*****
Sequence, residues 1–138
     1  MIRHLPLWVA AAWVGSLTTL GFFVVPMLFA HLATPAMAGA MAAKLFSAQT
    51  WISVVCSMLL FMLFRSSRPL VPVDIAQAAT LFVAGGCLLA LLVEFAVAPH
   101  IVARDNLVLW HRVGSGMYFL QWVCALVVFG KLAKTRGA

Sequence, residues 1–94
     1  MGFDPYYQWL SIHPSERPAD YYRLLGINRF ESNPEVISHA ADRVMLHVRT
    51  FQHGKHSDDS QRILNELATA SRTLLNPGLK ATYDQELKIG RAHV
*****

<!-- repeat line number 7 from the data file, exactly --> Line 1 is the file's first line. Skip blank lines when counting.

    51  FQHGKHSDDS QRILNELATA SRTLLNPGLK ATYDQELKIG RAHV